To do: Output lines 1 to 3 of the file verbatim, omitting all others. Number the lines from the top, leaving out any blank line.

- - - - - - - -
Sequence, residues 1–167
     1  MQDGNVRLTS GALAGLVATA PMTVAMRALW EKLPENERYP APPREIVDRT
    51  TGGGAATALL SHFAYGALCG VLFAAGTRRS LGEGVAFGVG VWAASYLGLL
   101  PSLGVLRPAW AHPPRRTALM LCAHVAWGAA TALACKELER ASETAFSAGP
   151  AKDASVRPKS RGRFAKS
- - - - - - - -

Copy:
Sequence, residues 1–167
     1  MQDGNVRLTS GALAGLVATA PMTVAMRALW EKLPENERYP APPREIVDRT
    51  TGGGAATALL SHFAYGALCG VLFAAGTRRS LGEGVAFGVG VWAASYLGLL